The Chronicle of Higher Education has a recent article detailing the increase in the number of Chinese international students at America's universities. According to the article, more than 275,000 Chinese international students will be matriculating at American colleges and universities this fall. That's almost three times the number from any other country. The pivotal question is, why? Why are so many Chinese parents working so hard to send their only child to a foreign school?
As reported in The Chronicle, the simple answer is that Chinese parents want what parents in every culture want -- the best opportunities for their children. The more complicated answer traverses history, economics, and sociology. Historically, only the very wealthy could afford to send their children overseas. Now, with the rapid growth of China's middle class, more families are able to pay for the tutoring, consulting, and college campus trips that enable their children to be exposed to and apply to American schools. Further, though changing, China's economy still favors the progeny of the politically-well connected. Thus, despite the rising incomes of China's burgeoning middle class, the best opportunities remain reserved for the children of the political elite, creating an impetus to seek opportunities elsewhere. Finally, China's education system as of yet hinges on a yearly national exam. Students who fail to get into the best schools through this system, or are disillusioned by the test-focused nature of Chinese education, see American schools as an attractive alternative.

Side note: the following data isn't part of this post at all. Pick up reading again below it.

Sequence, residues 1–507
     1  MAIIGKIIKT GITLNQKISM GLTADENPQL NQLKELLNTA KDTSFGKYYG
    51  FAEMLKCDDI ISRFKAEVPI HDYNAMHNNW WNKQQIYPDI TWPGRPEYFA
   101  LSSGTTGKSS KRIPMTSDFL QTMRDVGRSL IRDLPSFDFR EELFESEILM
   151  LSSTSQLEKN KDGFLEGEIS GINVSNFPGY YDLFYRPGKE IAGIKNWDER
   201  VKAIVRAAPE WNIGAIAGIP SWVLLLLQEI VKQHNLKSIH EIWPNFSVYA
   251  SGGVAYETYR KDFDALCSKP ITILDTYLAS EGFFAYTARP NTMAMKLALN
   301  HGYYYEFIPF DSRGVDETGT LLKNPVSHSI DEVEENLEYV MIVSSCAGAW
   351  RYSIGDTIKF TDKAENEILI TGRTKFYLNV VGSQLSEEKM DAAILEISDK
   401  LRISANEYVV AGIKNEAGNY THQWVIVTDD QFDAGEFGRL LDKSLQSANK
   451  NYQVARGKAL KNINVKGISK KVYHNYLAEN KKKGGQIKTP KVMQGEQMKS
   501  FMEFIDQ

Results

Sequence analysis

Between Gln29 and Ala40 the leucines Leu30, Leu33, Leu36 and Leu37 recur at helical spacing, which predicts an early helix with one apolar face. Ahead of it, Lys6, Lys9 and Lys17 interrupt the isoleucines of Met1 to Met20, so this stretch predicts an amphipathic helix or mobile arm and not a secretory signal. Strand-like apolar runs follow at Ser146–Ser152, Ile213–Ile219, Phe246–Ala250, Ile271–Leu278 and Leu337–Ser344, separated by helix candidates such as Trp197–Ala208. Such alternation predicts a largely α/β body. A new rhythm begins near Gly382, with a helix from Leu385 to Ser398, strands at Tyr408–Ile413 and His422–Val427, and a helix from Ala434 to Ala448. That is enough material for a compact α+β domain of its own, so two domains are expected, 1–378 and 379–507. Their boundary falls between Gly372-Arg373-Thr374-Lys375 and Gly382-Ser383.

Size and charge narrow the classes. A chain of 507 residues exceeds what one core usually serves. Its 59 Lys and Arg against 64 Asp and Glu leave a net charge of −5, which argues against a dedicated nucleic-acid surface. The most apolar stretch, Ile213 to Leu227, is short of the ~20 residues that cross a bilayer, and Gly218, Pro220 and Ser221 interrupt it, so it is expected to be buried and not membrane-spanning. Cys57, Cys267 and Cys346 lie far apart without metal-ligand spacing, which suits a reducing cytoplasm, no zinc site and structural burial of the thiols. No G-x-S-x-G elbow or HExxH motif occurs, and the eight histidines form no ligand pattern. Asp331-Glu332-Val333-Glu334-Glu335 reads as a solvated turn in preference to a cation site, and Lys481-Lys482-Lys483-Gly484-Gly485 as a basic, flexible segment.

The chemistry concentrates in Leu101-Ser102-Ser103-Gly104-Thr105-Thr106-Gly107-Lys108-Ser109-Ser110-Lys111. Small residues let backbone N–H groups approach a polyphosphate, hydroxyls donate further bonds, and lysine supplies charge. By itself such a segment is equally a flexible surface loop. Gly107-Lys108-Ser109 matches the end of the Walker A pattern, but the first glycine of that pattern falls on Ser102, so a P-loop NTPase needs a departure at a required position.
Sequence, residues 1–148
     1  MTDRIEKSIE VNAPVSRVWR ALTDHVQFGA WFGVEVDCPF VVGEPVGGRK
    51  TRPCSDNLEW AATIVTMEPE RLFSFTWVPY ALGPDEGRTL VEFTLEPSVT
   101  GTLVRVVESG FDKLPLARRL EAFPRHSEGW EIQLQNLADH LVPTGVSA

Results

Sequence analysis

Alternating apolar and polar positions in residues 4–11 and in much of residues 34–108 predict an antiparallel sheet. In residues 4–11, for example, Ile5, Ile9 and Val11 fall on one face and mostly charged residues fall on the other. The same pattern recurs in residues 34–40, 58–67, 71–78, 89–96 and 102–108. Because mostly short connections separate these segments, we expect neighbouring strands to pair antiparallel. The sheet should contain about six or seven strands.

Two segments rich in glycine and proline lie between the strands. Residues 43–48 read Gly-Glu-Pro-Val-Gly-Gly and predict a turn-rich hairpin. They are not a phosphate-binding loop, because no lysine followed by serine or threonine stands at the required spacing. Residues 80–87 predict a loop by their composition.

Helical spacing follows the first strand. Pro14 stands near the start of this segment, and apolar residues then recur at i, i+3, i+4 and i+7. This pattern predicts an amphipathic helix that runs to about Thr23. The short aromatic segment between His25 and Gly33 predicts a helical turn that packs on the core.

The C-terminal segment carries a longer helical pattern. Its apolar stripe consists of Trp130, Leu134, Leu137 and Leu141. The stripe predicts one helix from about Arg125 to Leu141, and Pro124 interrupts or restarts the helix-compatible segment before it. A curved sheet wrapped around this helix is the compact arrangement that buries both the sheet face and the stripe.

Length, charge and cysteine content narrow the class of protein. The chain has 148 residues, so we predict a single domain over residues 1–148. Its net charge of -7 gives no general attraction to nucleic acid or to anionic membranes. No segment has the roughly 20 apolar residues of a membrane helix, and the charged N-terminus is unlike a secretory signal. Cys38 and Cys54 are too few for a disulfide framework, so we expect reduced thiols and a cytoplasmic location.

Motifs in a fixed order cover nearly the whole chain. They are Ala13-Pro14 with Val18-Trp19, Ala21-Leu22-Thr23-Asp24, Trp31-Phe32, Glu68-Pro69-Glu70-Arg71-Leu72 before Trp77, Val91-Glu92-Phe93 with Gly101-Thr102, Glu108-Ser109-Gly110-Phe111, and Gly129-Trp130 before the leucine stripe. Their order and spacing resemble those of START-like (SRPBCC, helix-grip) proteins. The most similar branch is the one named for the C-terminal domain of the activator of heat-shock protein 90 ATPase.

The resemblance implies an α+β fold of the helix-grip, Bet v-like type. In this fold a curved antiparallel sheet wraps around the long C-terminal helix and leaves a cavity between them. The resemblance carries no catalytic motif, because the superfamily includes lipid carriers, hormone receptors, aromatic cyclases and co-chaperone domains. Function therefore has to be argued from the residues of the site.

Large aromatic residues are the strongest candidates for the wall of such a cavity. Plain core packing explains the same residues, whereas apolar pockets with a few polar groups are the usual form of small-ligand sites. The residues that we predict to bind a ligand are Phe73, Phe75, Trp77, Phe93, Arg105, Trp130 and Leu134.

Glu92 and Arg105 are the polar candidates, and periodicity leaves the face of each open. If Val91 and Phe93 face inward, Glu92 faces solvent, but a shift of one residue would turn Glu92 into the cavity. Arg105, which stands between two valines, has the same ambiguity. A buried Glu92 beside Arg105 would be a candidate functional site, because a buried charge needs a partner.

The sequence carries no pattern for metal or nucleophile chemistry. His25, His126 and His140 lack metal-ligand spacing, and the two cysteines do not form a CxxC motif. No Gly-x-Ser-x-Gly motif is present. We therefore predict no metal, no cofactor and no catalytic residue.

While the article's title focuses on the parents, it is a bit of a misnomer. The effort to get to America is just as taxing on -- and driven by -- the child as it is the parent. The reporter follows two girls as they forgo other activities to engage in untold numbers of hours of studying for the SAT and learning English. One of the girls seeks therapy under the pressure. And yet, when each of the girls gets their college acceptance letters, they deem the process worth it.
Do these Chinese students at American schools add to the "Tiger Mom" and "Model Minority" myths? Perhaps. After all, one of the girls shrugs off the SAT math section with, "Most Chinese students can get an 800 on that!" But, as The Chronicle article illuminates, behind the stereotypes are three dimensional individuals that fret about their future and dream about a different life. They work exceedingly hard because their options feel limited; not to mention, because their parents have the resources to enlarge their options.